The latest in the alleged role the U.S. played in enhanced interrogation — or torture, if you prefer — from a former ace TIME correspondent:
By Adam Zagorin
Last June the U.S. Supreme Court decided not to consider a case brought by former U.S. war-on-terror prisoners seeking damages from a Boeing subsidiary that had allegedly flown them to torture sites around the world as part of the CIA’s rendition program.
The court’s action involving Jeppesen Data Plan, an executive jet leasing company, let stand a lower-court ruling in favor of U.S. government claims that the case involved so many “state secrets” that it could not be heard. The decision effectively killed the lawsuit.
But now Battleland has learned of some 1,500 pages of new documents that provide extensive additional information on CIA renditions, and especially on the role of Richmor Aviation, an upstate New York private jet leasing company with aircraft also allegedly used in the program.
Lawyers familiar with the documents say their dissemination could increase the likelihood of further litigation in the U.S. and Europe against those associated with the CIA program, either directly or as sub-contractors. But it will not be an easy task. “If we can connect a client to a particular flight and to a particular location,” said one attorney familiar with the rendition program, “this could spur further legal action, either in the US or in Europe.”
Authorities in various European countries are currently examining possible human rights violations by senior U.S. officials, but no such probe appears to be underway inside the United States. “Courts in the U.S. seem open to resolving financial disputes involving accessories to torture, but closed to the victims of that abuse because of state secrets,” says Ben Wizner, a lawyer for the American Civil Liberties Union involved in the now-dismissed Jeppesen case.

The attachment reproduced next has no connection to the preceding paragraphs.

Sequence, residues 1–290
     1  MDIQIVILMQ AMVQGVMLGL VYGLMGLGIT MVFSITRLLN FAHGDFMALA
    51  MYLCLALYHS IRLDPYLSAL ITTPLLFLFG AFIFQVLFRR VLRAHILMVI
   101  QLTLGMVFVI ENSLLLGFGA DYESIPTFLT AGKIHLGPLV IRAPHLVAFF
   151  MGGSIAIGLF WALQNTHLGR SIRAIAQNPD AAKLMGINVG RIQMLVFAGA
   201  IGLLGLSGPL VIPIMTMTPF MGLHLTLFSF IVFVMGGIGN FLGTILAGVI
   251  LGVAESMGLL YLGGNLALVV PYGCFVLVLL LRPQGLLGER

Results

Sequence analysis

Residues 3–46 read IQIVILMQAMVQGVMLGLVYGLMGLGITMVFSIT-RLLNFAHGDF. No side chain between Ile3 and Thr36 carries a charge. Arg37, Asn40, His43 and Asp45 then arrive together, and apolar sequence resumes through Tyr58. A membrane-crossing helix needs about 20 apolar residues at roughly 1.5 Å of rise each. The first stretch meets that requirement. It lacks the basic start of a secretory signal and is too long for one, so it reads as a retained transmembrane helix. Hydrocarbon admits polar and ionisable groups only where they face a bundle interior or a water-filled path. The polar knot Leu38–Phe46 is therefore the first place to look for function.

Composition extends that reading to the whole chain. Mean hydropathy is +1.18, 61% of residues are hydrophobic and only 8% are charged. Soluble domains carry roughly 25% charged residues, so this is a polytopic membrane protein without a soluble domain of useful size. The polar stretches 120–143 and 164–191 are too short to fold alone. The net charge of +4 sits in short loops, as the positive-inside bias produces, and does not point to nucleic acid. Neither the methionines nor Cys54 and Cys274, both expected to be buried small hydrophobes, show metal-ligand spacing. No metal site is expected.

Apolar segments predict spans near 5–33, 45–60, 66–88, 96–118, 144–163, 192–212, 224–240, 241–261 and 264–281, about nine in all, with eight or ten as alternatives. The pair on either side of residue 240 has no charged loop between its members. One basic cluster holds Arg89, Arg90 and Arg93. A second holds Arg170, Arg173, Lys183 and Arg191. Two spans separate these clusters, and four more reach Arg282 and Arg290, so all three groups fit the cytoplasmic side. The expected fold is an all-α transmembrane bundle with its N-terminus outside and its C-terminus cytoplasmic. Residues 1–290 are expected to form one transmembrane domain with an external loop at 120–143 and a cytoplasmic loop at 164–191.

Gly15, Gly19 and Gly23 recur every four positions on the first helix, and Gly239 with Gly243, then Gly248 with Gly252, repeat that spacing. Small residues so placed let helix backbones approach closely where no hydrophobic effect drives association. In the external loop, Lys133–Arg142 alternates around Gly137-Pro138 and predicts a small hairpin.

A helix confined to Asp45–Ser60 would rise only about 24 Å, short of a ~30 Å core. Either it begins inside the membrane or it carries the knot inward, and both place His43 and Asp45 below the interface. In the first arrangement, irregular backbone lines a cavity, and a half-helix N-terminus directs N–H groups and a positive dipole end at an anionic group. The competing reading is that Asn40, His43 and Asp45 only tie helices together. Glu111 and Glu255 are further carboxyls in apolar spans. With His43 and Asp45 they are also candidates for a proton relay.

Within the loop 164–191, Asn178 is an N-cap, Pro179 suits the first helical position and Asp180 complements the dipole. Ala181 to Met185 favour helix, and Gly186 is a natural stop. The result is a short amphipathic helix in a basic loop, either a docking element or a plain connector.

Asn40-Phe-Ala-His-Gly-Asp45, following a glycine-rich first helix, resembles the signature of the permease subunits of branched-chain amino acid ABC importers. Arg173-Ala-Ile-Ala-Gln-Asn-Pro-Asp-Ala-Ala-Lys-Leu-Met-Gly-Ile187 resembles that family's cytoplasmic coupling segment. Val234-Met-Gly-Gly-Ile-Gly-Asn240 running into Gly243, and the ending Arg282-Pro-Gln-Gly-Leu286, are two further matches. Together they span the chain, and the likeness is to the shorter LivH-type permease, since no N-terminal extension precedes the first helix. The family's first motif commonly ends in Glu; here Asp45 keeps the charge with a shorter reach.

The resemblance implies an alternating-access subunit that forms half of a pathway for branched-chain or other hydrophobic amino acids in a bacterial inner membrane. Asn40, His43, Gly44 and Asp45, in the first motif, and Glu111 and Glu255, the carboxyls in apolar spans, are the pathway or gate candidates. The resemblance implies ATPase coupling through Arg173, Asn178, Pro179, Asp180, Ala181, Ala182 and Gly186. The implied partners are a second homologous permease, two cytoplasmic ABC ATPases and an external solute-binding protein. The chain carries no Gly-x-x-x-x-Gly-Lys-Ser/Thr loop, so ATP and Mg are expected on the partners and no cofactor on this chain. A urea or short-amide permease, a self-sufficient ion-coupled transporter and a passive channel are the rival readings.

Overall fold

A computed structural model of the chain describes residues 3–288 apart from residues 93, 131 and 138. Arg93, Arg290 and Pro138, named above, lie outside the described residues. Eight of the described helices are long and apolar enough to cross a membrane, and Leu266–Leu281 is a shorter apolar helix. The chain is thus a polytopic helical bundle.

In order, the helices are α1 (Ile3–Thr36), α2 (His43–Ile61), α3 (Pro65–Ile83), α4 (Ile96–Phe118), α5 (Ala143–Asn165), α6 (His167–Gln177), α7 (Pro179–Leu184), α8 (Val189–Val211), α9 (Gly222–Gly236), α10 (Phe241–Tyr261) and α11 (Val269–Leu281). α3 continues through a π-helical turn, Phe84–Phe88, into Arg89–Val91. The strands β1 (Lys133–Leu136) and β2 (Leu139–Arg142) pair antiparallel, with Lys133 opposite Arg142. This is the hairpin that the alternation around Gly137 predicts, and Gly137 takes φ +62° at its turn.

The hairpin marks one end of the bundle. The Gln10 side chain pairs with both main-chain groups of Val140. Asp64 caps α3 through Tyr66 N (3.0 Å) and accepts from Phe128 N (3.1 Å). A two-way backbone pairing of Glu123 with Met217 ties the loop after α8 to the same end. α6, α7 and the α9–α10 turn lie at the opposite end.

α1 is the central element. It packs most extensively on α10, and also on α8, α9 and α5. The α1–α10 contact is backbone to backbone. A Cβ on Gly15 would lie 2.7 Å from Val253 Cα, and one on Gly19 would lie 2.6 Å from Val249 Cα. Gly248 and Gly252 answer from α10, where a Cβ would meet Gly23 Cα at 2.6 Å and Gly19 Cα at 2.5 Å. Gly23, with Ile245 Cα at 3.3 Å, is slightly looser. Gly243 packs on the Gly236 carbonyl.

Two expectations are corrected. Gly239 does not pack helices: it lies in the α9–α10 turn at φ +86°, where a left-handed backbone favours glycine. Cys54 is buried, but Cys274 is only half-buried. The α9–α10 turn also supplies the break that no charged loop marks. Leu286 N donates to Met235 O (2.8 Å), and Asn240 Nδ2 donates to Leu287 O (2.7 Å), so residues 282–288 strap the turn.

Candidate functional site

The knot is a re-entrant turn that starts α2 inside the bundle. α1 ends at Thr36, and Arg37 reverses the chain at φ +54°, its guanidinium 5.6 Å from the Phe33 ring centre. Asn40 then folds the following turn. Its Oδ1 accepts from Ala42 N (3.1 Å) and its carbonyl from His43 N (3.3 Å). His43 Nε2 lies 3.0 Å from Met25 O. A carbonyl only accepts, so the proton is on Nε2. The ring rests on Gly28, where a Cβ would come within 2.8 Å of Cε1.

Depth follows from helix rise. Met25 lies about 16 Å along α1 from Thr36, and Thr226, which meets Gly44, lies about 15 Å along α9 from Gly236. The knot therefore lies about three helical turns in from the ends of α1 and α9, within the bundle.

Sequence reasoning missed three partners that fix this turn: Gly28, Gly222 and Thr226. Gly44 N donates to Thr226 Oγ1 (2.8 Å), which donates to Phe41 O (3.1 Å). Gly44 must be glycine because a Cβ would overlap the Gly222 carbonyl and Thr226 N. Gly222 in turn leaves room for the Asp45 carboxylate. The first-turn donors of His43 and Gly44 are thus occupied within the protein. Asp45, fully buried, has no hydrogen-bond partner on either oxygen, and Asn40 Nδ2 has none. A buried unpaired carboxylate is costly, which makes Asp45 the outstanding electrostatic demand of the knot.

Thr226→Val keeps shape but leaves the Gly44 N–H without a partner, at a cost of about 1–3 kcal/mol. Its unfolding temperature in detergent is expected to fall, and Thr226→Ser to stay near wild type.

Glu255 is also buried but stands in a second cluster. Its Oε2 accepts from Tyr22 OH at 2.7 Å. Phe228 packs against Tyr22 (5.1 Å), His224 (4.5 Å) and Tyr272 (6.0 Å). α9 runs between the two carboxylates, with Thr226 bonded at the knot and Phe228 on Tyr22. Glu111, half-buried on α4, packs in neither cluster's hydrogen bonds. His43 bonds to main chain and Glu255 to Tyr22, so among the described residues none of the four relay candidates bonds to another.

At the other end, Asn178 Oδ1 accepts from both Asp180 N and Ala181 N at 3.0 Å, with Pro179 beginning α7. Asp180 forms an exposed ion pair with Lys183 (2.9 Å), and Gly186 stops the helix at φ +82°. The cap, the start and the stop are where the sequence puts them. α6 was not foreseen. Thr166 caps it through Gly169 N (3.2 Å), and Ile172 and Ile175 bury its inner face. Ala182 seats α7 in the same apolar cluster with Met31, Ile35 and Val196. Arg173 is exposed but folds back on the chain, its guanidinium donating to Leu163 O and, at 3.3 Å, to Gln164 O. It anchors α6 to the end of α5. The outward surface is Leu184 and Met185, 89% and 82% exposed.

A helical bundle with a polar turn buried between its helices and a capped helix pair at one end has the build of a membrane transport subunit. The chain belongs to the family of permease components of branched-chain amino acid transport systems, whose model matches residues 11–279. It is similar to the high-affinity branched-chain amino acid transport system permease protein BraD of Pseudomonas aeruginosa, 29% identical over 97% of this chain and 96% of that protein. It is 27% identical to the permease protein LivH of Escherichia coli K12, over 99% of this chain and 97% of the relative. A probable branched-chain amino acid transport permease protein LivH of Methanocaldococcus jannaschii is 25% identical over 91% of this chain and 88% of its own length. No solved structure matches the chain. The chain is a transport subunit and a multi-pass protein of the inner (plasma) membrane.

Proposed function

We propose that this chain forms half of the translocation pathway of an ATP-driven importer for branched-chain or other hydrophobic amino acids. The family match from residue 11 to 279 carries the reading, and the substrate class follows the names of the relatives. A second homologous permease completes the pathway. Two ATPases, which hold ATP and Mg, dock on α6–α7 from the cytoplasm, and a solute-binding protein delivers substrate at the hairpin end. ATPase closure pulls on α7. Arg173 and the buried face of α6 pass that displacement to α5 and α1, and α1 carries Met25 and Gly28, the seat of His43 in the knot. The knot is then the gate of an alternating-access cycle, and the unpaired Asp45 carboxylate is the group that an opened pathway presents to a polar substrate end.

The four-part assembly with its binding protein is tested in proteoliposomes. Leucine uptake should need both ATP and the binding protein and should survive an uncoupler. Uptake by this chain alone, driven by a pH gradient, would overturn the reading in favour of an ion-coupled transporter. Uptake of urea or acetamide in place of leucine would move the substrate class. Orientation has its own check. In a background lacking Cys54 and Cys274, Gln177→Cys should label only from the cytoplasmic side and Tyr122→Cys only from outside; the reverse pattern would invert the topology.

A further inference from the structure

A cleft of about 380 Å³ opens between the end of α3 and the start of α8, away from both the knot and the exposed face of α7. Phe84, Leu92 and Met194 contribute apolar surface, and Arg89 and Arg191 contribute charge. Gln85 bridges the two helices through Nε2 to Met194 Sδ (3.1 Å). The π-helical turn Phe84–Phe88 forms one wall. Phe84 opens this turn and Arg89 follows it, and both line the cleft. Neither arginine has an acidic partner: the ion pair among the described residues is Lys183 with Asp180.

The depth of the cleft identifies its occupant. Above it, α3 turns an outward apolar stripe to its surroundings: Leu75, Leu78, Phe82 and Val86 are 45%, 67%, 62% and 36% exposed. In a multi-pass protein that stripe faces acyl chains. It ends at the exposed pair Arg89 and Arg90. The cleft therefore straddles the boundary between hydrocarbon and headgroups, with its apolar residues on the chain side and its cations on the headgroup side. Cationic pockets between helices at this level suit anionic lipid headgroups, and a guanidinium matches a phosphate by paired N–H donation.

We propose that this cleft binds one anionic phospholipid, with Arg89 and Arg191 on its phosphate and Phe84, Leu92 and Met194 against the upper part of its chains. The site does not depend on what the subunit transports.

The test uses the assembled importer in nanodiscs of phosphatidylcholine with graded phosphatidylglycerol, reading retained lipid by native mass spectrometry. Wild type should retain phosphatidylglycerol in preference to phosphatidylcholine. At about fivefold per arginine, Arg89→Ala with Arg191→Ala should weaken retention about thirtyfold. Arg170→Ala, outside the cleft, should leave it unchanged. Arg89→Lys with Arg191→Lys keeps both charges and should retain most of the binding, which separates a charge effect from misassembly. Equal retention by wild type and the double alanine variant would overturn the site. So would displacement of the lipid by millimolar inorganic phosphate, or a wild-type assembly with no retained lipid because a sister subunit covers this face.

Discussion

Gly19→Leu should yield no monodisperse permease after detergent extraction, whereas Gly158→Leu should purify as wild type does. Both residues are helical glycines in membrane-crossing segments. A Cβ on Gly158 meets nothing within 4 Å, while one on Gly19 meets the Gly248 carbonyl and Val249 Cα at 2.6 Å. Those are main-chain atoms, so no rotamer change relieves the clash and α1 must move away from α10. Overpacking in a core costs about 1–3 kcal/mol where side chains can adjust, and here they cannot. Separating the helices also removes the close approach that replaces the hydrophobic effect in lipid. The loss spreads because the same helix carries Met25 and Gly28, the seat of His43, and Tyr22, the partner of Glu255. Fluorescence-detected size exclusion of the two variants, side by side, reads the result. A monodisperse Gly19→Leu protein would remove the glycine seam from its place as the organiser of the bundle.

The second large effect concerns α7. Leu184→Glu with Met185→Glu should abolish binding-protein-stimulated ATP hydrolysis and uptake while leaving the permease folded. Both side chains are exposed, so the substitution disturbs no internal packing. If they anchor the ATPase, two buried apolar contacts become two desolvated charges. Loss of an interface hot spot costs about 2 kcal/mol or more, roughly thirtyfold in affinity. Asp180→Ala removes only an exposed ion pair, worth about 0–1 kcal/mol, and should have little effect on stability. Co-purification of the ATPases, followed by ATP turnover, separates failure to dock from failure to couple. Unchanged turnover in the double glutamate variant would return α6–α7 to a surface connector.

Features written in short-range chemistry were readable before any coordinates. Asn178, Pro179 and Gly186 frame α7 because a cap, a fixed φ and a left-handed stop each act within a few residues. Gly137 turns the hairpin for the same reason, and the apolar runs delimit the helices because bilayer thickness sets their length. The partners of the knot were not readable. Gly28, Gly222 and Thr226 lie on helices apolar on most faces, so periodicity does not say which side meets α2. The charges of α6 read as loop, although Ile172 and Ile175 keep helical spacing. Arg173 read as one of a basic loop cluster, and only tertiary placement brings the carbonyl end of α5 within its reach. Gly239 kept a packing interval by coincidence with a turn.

The new material, from a New York court record but not widely disseminated or discussed, includes court transcripts and billing records filed as evidence in a commercial dispute between Richmor and an aircraft broker that began in 2007. The material focuses mostly on flights in 2003.
Richmor Aviation is owned by Phillip Morse, also an owner of the Boston Red Sox baseball team. News stories surrounding Richmor’s role in rendition surfaced several years ago, but the newly exposed documents flesh out the tale. DynCorp International, a U.S. defense contractor, was apparently a middleman between the CIA and Richmor. The material includes items of likely national security and privacy concerns, including a record of phone calls made from a rendition plane to CIA headquarters, to the phones of a senior Agency official involved in the program, and to DynCorp.
The documents were made available by Reprieve, a UK- based legal non-profit that has represented prisoners at Guantanamo.
According to Reprieve:
— A complicated billing chain helped obscure the CIA’s role in the more than 55 flights featured in the documents, flights that traveled among Washington and Guantanamo Bay, Kabul, Bangkok, Dubai, Islamabad, Cairo, Baghdad, Djibouti, Rabat, Frankfurt, the Ramstein military base in Germany, Rome, Tenerife, the Azores and Bucharest.
— The plane, a Gulfstream jet with tail number N85VM, frequently passed through British and Irish airports, including Shannon, Glasgow, Edinburgh and London Luton.
— Documents show references in court to “invitees” of the U.S., a term meant to indicate prisoners being transported to secret prisons.
— Rendition flights were covered by a “letter of convenience” from the State Department that facilitated their passage through the territory of foreign nations.